Monday, February 20, 2012

The Power of the Word NO

No. It is such a simple word, but it is one of those words that we are often so hesitant to use. Why can’t we say no? Is it a weakness or a strength to admit that whatever it is being asked is just something we cannot simply do right now? People say no for all sorts of reasons, and I am not talking about the “I-don’t-really-want-to-have-sex-with-you-right-now” kind of no either. I am talking for the countless requests for help that are so difficult to turn down. People ask me to do things all the time. Just in this past week, I have been asked to do at least twenty “favors” for people. Can I come over for dinner? Can I borrow a book? Can you help me edit this document? Can you babysit? Can we talk? Since I am not superwoman, I can’t possibly do all these extras and still get the day-to-day things done. I have had to learn to say no. There are delicate ways to turn someone down, and there are asinine ways to do it. I have found that the best way to say no is to suggest an alternative helper. “Oh, I won’t be able to do that, but you could ask Mary Sue. She’s really good at those types of things.” Hehehe… I have learned to say no. I have learned to turn people away with grace and charm. My husband, however, would still benefit from some lessons. People are always asking a lot of him…simply because he won’t say no. They know if they ask, he will do. I can’t guarantee it will be done correctly or even completely, but he will give it the old college try. Therefore, the next time someone asks you to help shine their shoes or just change a tire, if you can’t, you can’t. There’s no shame in saying no. It’s all about the approach anyway. Leave them feeling like they are the ones who are rewarded for you saying, “Not this time, sucker!”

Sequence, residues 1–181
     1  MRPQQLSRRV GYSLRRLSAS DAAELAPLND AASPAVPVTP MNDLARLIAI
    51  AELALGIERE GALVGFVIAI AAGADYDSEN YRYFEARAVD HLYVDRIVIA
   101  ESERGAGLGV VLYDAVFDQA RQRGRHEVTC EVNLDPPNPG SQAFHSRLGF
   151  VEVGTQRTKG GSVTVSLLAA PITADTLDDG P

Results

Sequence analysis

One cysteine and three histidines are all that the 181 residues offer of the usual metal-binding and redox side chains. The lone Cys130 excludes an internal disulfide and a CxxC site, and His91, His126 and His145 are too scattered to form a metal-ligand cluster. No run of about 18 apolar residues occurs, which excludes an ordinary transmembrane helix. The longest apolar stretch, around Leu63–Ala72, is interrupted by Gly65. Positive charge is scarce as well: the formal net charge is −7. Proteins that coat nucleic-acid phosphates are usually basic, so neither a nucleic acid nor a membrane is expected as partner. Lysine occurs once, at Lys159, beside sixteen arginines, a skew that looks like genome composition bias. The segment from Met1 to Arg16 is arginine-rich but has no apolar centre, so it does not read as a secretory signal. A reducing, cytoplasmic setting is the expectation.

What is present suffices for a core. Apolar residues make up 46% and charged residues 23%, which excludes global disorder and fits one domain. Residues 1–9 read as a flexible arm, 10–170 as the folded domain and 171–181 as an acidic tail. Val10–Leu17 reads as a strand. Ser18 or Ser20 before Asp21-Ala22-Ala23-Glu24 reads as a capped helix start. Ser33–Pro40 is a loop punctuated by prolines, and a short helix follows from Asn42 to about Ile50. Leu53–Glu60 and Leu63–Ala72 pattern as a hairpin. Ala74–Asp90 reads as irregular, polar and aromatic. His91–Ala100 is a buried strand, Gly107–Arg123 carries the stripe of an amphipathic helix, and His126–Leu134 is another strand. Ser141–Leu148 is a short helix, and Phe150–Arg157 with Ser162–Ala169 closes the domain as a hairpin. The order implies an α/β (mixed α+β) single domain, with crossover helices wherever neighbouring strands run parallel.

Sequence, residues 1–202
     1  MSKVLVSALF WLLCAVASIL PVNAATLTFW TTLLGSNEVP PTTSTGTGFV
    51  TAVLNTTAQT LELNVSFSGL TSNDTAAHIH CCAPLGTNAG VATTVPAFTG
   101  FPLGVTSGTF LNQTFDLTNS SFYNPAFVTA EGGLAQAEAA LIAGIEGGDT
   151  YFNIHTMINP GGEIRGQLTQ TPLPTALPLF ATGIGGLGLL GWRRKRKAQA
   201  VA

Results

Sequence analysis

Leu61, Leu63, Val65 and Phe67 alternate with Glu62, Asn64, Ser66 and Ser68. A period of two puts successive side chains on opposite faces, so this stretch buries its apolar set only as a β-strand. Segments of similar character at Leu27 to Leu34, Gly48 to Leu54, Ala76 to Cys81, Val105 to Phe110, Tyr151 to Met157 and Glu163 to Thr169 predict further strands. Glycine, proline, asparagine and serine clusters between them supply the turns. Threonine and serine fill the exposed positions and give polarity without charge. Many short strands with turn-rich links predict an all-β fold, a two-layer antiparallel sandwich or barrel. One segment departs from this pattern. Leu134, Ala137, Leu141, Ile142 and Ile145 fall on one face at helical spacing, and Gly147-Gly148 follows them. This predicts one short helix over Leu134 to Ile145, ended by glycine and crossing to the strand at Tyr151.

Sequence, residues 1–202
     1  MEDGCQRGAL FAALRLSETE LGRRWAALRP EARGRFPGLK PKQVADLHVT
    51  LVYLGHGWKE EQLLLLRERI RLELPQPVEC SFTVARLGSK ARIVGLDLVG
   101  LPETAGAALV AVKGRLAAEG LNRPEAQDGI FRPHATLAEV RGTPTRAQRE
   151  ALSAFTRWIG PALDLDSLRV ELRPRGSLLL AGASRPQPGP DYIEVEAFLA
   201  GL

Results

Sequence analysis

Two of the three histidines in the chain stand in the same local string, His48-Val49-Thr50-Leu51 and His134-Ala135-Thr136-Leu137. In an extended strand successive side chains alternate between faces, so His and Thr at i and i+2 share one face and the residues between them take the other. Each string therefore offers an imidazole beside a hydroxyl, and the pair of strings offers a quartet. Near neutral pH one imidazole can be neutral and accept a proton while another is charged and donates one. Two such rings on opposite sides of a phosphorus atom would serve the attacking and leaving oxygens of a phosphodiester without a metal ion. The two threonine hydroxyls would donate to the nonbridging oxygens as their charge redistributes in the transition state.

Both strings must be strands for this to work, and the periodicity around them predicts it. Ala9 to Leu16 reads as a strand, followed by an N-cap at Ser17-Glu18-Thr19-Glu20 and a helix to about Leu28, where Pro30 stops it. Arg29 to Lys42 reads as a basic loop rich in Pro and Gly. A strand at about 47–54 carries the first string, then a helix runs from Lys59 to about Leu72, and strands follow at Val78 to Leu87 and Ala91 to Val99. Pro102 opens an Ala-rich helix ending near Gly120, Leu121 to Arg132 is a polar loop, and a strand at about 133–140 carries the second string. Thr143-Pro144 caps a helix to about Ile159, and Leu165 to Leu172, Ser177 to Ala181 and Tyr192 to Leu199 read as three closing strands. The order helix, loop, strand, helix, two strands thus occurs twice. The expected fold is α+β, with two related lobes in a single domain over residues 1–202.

Saturday, February 11, 2012

A Mountain Fire

Happiness lies in the whispering wind, just beyond the charred trees.
Crossing a path consumed by fire, nature’s vengeful greed,
how terrifyingly fragile we must be.
The forest’s voice cries out in the night
as the charred flesh of the branches peels away.
The trees swaying in the darkness, moaning in fright,
we embrace their fear and begin to pray.
Mountain rain sizzles against the burning flame
as plumes of smoke rise to the sky, marking their claim.
The scarred mountain bleeds, its wounds deep
but the mountain people love it no less.
Instead of turning away from the marked face,
they turn to fill its need.
Banding together against the fiery wind, words of prayer rise to the skies
chanting a healing song as the fire dies.
The people of the mountains know well nature’s wrath
but they also know how to clear their once well beaten path.
People who save, people who care,
with their quiet words, these are the people who dwell there.
The fire’s ring leaves homes untouched but people protected,
the mountain claiming its own, creating its own circle of magic.
For those standing outside, it appears that
happiness lies in the whispering wind, just beyond the charred trees.